• The City welcomed our new Human Resources Manager Crystal Zaragoza on Monday. Crystal will be managing the human resources, risk management, training and benefits for the City. Crystal and her family live in Winters.
    • The Police Department is dealing with a multitude of homeless and transiency issue in Putah Creek. The plan is to work with the property owners and the transients to determine a course of action. Issues include fires, trespassing, health and sanitation matters and dumping. This is not an easy situation and we will work to find some common ground.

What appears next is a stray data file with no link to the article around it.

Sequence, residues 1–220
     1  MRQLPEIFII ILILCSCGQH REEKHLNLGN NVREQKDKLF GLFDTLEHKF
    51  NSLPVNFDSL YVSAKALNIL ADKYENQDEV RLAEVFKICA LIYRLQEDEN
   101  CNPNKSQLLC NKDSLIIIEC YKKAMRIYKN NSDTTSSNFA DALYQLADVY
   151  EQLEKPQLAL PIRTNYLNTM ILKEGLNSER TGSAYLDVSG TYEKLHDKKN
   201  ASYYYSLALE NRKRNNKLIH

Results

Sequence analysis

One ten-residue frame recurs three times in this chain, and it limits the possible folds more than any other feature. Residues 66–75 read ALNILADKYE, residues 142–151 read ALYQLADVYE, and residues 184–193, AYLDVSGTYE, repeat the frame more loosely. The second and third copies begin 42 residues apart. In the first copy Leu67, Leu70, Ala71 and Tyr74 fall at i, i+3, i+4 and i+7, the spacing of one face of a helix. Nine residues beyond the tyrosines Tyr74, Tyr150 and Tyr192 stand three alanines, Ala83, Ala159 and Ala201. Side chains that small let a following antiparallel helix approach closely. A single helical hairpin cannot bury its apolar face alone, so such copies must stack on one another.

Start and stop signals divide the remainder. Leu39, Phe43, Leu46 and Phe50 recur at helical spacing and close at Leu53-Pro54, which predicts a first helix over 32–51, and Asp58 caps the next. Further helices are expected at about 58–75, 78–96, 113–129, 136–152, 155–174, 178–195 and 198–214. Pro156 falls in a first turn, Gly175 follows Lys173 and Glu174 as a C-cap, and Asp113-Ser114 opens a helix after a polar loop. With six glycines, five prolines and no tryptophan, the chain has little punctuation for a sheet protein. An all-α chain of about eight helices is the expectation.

This week, I received a bunch of questions from a resident in relation to the notice which was mailed this week on water and sewer rates. Some really good questions and my attempts at answering them. Here is the Q and A: Who is responsible for managing the day to day of the water/sewer utility and what is the structure of the management? Is it City of Winters public works? City Council? Do we contract it out to a management company? Is it a single person? Is there a board of directors?… Answer: The utilities are City operated. In 2013, we brought wastewater services in house (from a private contractor) and saved a considerable amount. The City Council is the “Board of Directors” and it is City managed and operated. Is the utility run as a for profit entity or is the goal net zero revenues? Answer: The City is non-profit and the system is built to charge the service rates along with capital replacement for infrastructure. We are prohibited by California laws to charge beyond the costs of providing the service. When was the last time Winters Water/Sewer ran a annual surplus and what was it? Answer: Typically, any surplus is directed back into the capital funds for repairs (thus lowering future costs). When there are deficits, funds have been taken with a reduction of capital funds. Any or all excess revenues must remain in the Water/Sewer enterprises, they cannot be directed to other services within the City. Both Propositions 218 and 26 strictly prohibit fees from becoming general use taxes. The enterprises are meant to only benefit the system for which the rates are paid. What was the reason for the bond in 2007? Answer: Extensive repairs to both water and sewer infrastructure. Specifically, we re-lined almost 40% of the wastewater collection system, replaced 100 year old water lines, rehabilitated two water wells and did extensive repairs to the wastewater processing system. How many customers (parcels) does the utility currently have? Answer: Approximately 2,000 customers. At the current water rates how many more customers would the utility need to meet its revenue requirements? Answer: Rate projections are based on the existing number of customers. Spreading costs across a broader base would ultimately lower rate increases, especially on the “fixed” portion of the rate. Would it be possible to get a copy of the financial statements for the past 5 years for the utility? (Income Statement, Balance Sheet, and Statement of cash Flows) Answer: Here is a link to the City’s comprehensive financial report which details the financial position of the utilities: Go to for a link to a bunch of our online financial documents. As I understand it from the letter, the rate increase is required to keep the debt service coverage ratio in compliance with the terms of the bond and to fund current necessary capital infrastructure improvements and repairs. Is this a correct summary of the issue? Answer: That is one of the key issues. The reduction in revenues has caused us not to be able to keep the debt service ratio of our bond covenants. The combination of costs along with lower water utilization (which means less revenue) is driving the deficits. It’s been 5 years since the last increases in utility rates and the proposed increases and refinancing of the existing bonds are meant to lower costs and a slight increase in revenues for the debt coverage and operations.]]>